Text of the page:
The US Navy has awarded Lockheed Martin a $150 million contract, with options worth up to $942.8 million, for the development, manufacture and delivery of two high power laser weapon systems.

The deal includes intelligence, surveillance and reconnaissance and counter-Unmanned Aerial System capabilities, by fiscal year 2020 say Lockheed.

With the High Energy Laser and Integrated Optical-dazzler with Surveillance (HELIOS) system, Lockheed Martin says it will help the US Navy take a major step forward in its goal to field laser weapon systems aboard surface ships.

“The HELIOS program is the first of its kind, and brings together laser weapon, long-range ISR and counter-UAS capabilities, dramatically increasing the situational awareness and layered defense options available to the US Navy,” said Michele Evans, vice president and general manager of Integrated Warfare Systems and Sensors.

“This is a true system of capabilities, and we’re honoured the Navy trusted Lockheed Martin to be a part of fielding these robust systems to the fleet.”

HELIOS combines three key capabilities, brought together for the first time in one weapon system say Lockheed Martin who sent us the following information:

  • A high-energy laser system: The high-energy fiber laser will be designed to counter unmanned aerial systems and small boats. The energy and thermal management system will leverage Lockheed Martin experience on Department of Defense programs, and the cooling system will be designed for maximum adaptability onboard ships. In addition, Lockheed Martin will bring decades of shipboard integration experience, reducing risk and increasing reliability.
  • A long-range ISR capability: HELIOS sensors will be part of an integrated weapon system, designed to provide decision-makers with maximum access to information. HELIOS data will be available on the Lockheed Martin-led Aegis Combat System.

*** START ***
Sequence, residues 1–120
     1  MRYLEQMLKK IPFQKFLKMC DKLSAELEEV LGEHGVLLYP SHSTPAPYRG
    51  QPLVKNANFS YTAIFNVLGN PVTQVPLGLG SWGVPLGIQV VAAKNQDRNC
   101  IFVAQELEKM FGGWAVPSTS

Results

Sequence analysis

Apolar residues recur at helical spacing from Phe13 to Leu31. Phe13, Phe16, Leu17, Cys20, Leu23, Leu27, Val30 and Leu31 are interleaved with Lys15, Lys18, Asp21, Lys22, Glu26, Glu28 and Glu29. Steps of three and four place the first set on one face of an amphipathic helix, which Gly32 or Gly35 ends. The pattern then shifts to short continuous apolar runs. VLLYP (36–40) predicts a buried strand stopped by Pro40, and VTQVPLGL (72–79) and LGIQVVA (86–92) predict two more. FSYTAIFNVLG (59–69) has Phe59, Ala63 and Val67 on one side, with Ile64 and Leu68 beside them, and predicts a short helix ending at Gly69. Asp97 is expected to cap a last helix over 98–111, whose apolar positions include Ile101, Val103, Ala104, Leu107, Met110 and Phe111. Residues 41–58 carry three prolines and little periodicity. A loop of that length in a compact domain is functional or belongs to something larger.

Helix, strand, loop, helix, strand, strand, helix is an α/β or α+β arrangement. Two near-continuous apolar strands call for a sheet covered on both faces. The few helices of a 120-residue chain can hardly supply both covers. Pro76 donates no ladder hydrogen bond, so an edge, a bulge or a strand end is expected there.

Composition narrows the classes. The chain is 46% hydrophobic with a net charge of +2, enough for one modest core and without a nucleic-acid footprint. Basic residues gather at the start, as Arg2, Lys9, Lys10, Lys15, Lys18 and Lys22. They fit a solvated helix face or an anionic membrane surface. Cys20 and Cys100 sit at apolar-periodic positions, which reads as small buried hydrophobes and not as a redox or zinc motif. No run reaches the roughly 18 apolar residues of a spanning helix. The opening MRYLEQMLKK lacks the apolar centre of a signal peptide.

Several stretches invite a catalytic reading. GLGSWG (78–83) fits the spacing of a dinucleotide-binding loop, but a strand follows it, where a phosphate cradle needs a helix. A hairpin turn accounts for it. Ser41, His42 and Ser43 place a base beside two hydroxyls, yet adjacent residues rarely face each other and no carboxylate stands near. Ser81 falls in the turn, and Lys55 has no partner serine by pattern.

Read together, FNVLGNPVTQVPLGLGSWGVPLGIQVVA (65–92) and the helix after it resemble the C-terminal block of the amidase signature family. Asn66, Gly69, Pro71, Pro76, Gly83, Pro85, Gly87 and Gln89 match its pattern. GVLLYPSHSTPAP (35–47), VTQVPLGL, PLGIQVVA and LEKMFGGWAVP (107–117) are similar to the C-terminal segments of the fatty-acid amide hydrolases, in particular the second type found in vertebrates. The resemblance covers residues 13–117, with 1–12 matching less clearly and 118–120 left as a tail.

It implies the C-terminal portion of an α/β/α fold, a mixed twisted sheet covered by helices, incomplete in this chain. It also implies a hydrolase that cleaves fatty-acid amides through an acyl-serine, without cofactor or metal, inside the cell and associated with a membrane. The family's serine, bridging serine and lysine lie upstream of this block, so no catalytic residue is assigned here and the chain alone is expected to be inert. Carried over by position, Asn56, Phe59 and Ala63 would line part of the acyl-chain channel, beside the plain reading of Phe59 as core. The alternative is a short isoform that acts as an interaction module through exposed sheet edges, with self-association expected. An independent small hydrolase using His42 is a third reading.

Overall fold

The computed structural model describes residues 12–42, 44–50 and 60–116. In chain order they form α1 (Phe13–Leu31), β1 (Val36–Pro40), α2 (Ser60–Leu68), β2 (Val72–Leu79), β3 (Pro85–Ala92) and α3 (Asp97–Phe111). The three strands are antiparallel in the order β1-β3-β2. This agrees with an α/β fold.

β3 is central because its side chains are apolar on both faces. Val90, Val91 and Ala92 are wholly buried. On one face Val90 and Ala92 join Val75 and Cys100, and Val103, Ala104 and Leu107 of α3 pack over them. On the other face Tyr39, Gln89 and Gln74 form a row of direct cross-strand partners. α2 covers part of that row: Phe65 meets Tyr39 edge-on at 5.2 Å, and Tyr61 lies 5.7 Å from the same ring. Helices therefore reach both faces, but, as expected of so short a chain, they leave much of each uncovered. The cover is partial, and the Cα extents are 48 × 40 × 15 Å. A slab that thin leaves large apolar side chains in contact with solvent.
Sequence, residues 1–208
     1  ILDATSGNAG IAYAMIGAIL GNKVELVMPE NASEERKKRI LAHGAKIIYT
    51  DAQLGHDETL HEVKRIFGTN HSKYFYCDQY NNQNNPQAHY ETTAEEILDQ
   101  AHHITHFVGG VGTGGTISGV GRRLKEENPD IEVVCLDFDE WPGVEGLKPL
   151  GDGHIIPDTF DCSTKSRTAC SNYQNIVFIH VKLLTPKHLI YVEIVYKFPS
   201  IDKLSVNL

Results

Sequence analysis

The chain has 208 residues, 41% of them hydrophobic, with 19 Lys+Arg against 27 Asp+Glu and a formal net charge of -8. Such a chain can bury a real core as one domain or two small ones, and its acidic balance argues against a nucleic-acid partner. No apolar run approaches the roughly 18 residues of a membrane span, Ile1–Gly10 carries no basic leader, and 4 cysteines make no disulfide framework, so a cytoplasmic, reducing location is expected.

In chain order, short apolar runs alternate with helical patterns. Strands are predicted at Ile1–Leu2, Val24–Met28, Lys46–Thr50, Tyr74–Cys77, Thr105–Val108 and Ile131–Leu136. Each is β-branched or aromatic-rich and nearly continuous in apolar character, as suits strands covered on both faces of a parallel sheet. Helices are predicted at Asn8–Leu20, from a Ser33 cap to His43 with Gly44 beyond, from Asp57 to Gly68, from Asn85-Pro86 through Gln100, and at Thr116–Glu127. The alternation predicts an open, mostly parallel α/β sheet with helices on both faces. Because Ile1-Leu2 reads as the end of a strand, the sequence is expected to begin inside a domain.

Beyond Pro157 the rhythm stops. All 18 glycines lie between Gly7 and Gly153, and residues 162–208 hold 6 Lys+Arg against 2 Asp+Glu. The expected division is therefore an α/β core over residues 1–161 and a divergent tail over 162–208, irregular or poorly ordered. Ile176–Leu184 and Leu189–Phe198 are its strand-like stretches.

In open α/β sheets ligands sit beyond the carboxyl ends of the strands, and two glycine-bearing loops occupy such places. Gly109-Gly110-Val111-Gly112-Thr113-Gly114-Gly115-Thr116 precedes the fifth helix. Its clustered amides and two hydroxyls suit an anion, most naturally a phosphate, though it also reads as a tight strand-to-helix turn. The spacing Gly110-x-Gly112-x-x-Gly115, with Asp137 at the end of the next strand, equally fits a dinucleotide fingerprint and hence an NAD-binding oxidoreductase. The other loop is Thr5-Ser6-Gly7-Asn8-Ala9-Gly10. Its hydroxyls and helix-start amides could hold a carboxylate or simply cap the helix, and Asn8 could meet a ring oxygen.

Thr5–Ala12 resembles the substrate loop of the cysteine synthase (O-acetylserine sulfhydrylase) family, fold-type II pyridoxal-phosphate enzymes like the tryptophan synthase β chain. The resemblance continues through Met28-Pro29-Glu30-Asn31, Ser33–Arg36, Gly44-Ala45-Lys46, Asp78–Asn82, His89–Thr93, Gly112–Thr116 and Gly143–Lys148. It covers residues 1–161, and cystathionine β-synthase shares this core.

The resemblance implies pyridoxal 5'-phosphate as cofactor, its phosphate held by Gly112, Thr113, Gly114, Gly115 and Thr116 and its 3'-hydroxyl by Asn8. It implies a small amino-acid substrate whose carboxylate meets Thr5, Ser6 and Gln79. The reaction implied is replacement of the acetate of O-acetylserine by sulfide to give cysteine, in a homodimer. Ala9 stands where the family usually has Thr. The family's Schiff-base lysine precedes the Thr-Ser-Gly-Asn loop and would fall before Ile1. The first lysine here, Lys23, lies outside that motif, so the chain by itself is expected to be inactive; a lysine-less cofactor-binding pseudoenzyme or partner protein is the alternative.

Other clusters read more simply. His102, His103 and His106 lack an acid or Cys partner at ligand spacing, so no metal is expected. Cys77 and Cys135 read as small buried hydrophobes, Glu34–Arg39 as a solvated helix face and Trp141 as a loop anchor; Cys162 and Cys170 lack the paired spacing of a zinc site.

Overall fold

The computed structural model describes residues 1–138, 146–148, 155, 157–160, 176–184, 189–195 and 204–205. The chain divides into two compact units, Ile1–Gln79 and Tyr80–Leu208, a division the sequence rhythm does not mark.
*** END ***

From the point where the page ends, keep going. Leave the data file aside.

• A counter-UAS dazzler capability: The HELIOS dazzler will be designed to obscure adversarial UAS-based ISR capabilities.

In this first increment of the US Navy’s Surface Navy Laser Weapon System program, Lockheed Martin will deliver two units for test by 2020. One unit will be delivered for shipboard integration on an Arleigh Burke-class destroyer, and one unit will be used for land testing at White Sands Missile Range.

“Lockheed Martin’s spectral beam combined fiber lasers bring flexibility and adaptability to defensive and offensive missions,” said Dr. Rob Afzal, senior fellow of laser weapon systems. “Our design is scalable, and we can optimise it to meet requirements for future increments.”

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Hope they hurry up with this. We will need it fitted to Typhoons to intercept Putins new maneuvrable MIRVs.

Tim sinnett

It will be interesting to see what the uk’s Dragonfire project will result with. A consortium including MBNA, Leonardo, Quinetic and Bae are involved.
Who will come up with best design? Might have been worth just going in with the US on R&D.

Daniele Mandelli

I’d be confident elsewhere within MoD the DSTL and the DARPA from the US DoD will have been doing plenty of work on these.

John Clark

Agreed Tim, throw our lot in with the US. The combined research and production numbers involved would make it affordable to deploy across the RN/RFA fleet.


Again the testing regime ashore will not match the testing regime at sea.
White Sands is at 1200 m altitude, inland, in clear dry desert air.
An Arleigh Burke at sea obviously isn’t.
So whilst you may get great results in New Mexico the results at sea are going to be a lot different when you add in the effects of moisture laden air, pollution, surface haze and IR spectral windows at sea level.

John Clark

No doubt the range will be somewhat less than perfect test range conditions.

You definitely need to mount them as high as possible on the mast.




Would that be 1200m+?

Nick Bowman

There are lots of more efficient ways to resist small boats and UAVs. We need laser systems that can shoot down highly manoeverable supersonic and hypersonic missiles. I wonder wherher that would be possible.

Nick Bowman

Lasers powered by nuclear reactors have been tested. We certainly need enough power to defeat missiles.


thank you so much madam